Cooperation vital to securing internet of things, says Europol

Europol and EU cyber security agency Enisa have hosted a two-day conference to find ways of addressing the cyber security risks posed by internet-connected devices

Cooperation across different sectors and among different stakeholders is key to securing the internet of things (IoT) a meeting of stakeholders has concluded.

This is one of eight conclusions drawn from a conference of representatives from the private sector, security community, law enforcement, the European Computer Security Incident Response Teams (CSIRT) community and academia.

The conference was hosted by Europol and Enisa, which have joined forces to tackle the security challenges presented by a wide and diverse ecosystem of up to 20 billion interconnected devices by 2010 and services that collect, exchange and process data to adapt dynamically to a context.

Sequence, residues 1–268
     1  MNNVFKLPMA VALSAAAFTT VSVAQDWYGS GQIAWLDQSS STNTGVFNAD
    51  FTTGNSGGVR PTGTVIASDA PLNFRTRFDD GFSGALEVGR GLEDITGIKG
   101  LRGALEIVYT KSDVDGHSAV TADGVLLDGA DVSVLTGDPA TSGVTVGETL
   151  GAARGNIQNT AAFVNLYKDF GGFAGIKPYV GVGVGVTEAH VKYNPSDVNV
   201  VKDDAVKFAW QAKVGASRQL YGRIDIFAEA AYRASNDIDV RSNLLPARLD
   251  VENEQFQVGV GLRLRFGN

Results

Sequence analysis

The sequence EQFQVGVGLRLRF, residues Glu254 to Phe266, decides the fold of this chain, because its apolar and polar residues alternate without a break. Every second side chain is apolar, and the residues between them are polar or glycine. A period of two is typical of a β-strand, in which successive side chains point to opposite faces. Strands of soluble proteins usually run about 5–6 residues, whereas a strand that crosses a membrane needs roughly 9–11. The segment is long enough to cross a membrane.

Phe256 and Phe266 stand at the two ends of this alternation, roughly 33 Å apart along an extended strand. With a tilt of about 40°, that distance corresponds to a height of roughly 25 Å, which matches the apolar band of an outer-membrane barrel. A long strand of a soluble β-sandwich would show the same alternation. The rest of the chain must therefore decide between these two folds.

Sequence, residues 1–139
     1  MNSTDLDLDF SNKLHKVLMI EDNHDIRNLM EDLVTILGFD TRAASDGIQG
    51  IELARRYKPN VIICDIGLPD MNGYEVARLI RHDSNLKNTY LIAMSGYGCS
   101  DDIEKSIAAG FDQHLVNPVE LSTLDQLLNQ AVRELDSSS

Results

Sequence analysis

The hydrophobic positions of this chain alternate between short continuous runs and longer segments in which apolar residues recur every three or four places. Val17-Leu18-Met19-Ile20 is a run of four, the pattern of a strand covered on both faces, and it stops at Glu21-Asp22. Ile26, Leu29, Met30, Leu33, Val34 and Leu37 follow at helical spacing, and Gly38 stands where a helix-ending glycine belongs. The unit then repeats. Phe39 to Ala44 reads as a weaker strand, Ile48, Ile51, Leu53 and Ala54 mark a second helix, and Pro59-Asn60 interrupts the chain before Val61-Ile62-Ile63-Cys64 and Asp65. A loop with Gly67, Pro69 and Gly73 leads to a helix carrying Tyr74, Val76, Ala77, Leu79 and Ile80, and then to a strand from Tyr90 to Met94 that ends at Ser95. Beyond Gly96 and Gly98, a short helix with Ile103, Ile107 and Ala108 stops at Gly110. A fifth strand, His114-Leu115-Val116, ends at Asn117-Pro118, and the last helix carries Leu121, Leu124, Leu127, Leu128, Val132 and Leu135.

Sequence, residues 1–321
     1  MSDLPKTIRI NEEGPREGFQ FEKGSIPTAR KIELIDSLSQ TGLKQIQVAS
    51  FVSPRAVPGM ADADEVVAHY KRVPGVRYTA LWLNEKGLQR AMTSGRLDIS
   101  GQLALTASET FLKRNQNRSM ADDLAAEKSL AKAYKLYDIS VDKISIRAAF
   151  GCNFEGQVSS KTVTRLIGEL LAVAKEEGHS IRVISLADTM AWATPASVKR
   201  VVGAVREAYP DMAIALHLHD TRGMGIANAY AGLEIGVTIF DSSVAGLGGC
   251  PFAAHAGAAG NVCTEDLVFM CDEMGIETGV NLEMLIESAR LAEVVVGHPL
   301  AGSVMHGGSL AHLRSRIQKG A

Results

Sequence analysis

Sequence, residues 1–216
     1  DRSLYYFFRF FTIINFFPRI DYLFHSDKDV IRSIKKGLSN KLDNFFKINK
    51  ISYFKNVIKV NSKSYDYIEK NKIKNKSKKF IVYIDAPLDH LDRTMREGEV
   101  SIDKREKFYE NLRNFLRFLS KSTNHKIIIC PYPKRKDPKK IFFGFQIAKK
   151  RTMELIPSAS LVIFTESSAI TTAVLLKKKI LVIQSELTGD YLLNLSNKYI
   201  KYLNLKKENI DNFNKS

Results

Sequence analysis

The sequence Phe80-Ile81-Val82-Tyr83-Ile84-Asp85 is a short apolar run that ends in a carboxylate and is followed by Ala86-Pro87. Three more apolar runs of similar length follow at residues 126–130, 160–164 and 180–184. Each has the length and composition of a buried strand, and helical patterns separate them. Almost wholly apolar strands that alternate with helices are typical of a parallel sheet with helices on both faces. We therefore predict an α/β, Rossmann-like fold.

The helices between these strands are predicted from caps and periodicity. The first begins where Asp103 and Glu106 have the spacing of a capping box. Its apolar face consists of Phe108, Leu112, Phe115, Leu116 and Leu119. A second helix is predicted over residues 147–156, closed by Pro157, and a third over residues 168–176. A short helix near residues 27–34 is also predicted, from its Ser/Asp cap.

Europol and Enisa believe it is important to understand how these connected devices need to be secured, and to develop and implement adequate security measures to protect the internet of things from cyber threats.

Beyond technical measures, they note that the adoption of IoT has raised many new legal, policy and regulatory challenges, which are broad and complex in scope.

The risk of criminals “weaponising” insecure IoT devices was already identified in the 2014 and 2015 editions of Europol’s Internet organised crime threat assessments (IOCTAs) and in Enisa’s 2016 Threat landscape report.

It became a reality at the end of 2016, with several distributed denial-of-service (DDoS) attacks of unprecedented scale originating from the Mirai botnet.

According to Europol and Enisa, it must be assumed that cyber criminals will develop new variants and enlarge the variety of IoT devices affected by this type of malware.

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